Many construction workers or professional services providers operate through their own personal service companies. HMRC have tried (with some success) to classify many of these as employment contracts rather than business to business relationships, as the tax paid on employment contracts is considerably greater.
Recently a building contractor won a case with HMRC which offers some clarification about how the rules should be followed.
In this case HMRC had to prove that the indications of employment existed in the hypothetical contract and they out-weighed the indications of self-employment. The judge helpfully summarised the various factors which pointed to employment or self-employment.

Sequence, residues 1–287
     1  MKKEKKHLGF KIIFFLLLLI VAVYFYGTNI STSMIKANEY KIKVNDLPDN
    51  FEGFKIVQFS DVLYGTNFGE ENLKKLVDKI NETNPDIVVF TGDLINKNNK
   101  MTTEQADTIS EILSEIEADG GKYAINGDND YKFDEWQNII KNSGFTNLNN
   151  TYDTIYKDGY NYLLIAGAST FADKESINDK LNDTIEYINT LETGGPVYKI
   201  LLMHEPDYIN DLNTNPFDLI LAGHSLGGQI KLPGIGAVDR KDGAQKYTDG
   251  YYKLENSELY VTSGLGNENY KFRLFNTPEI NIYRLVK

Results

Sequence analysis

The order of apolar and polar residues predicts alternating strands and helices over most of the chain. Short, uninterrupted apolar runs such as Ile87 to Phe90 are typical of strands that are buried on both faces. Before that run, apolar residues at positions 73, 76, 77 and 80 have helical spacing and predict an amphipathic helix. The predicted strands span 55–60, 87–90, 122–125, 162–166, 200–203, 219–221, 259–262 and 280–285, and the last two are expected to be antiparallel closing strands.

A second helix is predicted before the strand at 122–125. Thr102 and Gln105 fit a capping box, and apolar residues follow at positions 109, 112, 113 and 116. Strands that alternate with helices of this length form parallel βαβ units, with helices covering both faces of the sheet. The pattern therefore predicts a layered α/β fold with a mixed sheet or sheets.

•No substitution of person performing the work is permitted
•the employee takes no financial risk
•Safety equipment is provided by the employer
•The contractor was not controlled by the company any more than any other contractor
•the contractor had the right to refuse to work in different locations
•The contractor was paid a fixed rate per day
•There was no notice period
•No sick pay or holiday pay
•No employment benefits
•No expenses paid for travel or accommodation
•The contractor was not integrated into the company
The key element of the case demonstrates that one factor (such as substitution) should not outweigh all other factors, and the entire relationship must be considered in its entirety to determine whether someone is employed or a contractor.